Research to deliver change with Chris Bamford.
At Guild Living, we’re guided by the work of leading academics from around the world. Our groundbreaking, research-led wellness programmes will help our Members live to their fullest potential. As part of this, we are currently funding academic research with the University of Bath. We believe that knowledge should be for all, so we are making the research findings available to all for free.
To find out more about how our groundbreaking research will deliver change, we spoke to Chris Bamford, Care Operations Director at Guild Living.
Why is research important to Guild Living?
Firstly, there are so many reported approaches to health and wellbeing out there. You hear a lot of talk about ‘if you do this it will keep you young’, and ‘if you do that it will prevent you ageing’. So, it’s hugely important that we develop solutions, programmes and operations that are really underpinned by solid research.
There are also lots of new initiatives – for challenges like dementia or cognitive impairment – that may be of huge benefit. It’s important that we look to fully understand those too, to keep on top of the latest developments.
And, ultimately, some research might have been validated, but some time ago. We’re now in a very different landscape from where we were 15-20 years ago. So, if we can continue to identify better ways to do things, then that seems like a really good reason to continue researching.
What are some of the research projects Guild Living has been working on recently?
Part of our initial research was into the existing later living market, which gave us a good understanding of our audience. We saw that there is a real mix of circumstances. From the more optimistic future Member who is always looking for new challenges, to those who are realistic about their future needs, to the person that is in crisis now. This helps us understand why the products currently offered in the market may not be right, and to develop something that better caters for all.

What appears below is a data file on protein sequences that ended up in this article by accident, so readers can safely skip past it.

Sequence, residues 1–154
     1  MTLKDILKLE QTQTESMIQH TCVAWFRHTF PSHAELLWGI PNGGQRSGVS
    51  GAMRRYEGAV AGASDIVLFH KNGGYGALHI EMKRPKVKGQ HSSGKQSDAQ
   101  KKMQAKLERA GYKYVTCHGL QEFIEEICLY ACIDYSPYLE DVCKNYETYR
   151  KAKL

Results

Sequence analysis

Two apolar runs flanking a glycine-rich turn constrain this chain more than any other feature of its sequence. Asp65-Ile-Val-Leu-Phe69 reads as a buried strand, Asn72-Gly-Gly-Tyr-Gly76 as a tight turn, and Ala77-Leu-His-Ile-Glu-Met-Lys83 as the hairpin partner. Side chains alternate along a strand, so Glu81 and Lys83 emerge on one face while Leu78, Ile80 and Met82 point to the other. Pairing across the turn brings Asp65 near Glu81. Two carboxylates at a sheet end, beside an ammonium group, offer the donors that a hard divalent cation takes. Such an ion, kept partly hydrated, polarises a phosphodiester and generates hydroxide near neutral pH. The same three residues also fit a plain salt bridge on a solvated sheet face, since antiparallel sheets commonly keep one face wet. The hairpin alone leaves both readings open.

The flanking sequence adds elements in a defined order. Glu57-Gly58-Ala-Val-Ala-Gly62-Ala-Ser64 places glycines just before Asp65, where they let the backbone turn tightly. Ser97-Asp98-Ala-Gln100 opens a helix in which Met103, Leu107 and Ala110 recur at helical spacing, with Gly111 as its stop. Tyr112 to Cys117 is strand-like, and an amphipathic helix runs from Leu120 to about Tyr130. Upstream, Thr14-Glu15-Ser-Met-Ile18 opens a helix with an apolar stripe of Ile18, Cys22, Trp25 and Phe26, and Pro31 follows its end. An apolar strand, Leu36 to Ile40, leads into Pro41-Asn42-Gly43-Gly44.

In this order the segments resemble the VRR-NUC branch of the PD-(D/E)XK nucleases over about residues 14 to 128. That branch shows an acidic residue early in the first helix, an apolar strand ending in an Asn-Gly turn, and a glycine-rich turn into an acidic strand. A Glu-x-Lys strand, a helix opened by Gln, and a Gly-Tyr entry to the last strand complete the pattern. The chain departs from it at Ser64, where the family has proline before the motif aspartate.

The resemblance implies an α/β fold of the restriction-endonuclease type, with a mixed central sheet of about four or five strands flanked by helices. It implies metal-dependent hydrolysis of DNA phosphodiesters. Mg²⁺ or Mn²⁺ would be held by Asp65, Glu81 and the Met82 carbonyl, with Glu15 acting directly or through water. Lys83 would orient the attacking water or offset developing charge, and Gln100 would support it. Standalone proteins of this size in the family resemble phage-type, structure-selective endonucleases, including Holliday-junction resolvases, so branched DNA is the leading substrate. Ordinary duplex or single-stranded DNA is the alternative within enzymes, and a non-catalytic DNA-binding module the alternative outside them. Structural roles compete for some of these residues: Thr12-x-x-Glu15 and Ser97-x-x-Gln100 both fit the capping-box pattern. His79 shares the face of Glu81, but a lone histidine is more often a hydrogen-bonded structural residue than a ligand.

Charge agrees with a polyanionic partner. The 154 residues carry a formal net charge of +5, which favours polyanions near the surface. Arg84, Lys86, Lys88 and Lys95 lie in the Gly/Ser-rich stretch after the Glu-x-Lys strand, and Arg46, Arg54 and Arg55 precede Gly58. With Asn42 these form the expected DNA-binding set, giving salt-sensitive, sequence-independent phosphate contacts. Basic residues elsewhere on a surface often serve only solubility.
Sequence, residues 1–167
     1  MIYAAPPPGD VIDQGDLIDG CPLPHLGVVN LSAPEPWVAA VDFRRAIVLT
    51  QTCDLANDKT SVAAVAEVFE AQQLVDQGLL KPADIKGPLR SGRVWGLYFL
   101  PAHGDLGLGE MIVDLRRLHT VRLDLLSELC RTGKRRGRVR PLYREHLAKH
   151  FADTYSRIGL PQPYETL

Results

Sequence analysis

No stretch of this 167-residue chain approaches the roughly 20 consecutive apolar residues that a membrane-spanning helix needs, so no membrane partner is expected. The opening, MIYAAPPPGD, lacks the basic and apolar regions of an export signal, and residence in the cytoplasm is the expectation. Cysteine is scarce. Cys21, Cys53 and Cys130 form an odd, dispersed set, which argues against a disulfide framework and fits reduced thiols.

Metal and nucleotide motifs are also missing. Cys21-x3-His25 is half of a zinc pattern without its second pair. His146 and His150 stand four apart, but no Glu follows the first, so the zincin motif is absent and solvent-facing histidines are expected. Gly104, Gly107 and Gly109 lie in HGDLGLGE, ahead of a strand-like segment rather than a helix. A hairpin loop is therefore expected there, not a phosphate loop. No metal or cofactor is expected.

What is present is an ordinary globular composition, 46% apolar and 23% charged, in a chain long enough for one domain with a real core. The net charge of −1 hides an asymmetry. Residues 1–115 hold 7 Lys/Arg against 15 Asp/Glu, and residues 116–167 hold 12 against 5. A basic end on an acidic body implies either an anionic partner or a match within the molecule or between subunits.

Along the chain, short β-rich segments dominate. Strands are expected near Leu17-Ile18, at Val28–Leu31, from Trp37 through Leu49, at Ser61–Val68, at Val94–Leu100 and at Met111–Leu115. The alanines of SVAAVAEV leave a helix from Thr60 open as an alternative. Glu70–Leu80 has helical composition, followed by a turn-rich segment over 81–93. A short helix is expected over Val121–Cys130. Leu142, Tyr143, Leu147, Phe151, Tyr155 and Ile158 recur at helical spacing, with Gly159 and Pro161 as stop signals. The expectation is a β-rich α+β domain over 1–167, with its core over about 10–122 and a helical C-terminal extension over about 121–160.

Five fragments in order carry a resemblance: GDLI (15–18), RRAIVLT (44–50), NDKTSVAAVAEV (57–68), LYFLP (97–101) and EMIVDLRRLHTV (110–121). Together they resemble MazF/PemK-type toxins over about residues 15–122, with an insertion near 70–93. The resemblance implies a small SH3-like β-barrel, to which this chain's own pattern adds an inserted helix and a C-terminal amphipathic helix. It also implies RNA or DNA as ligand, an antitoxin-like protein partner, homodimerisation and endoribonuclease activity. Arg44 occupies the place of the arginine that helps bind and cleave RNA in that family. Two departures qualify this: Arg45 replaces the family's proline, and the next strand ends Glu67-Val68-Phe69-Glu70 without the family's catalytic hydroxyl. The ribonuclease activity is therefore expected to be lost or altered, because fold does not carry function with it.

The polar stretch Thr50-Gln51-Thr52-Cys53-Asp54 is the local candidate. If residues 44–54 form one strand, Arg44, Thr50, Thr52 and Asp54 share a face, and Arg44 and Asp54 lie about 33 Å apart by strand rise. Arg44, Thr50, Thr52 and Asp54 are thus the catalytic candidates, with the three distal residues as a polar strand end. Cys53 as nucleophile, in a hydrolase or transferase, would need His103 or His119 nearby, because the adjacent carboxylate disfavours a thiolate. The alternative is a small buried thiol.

In addition, our main piece of research, a groundbreaking study into loneliness, is being carried out with the University of Bath. We have a great team: Gerontology Professor Malcolm Johnson, Professor of Health Psychology, Julie Barnett, Dr Sam Carr, and many others in Australia. It’s probably one of the most interesting things I’ve ever done in my work. Our study explores the difference between emotional and social loneliness, and really understanding the drivers behind them. We’re now looking at what solutions could support people in these situations.
Why has Guild Living decided to begin with a research study on loneliness and isolation for older people?
A lot of people are calling loneliness an epidemic, but I think it’s an area that a lot of people don’t fully understand. The numbers are staggering; nearly 4.5 million over-65s in the UK are said to be chronically lonely. According to Age UK, 225,000 older people often go for a week without speaking to anyone. Think about that across the wider world; support structures, culture, and family connections may differ but, fundamentally, people are facing the same challenges everywhere. This is what we mean by ‘social isolation’.
Emotional isolation is different. We all need those real bonds, where you feel you can tell that friend, family member, or loved one anything. As we get older and time ticks away, many of us find we have fewer and fewer people to confide in, and that’s what brings about a real sense of emotional loneliness. If you’ve got nobody to talk to, and then you see an endpoint approaching, that can become hugely, hugely damaging to your health. It can be comparable to smoking 15 cigarettes a day; the impact on your eating, sleep, your cognition, and wider depression takes a big toll.
The reason why we looked at loneliness in the first place was a recognition of the scale of the problem. We know our population is ageing, so loneliness will only become more of a problem in the future. It’s a really big challenge that, hopefully, the research will go some way to help.
How do you plan to use the research findings from the study on loneliness and isolation?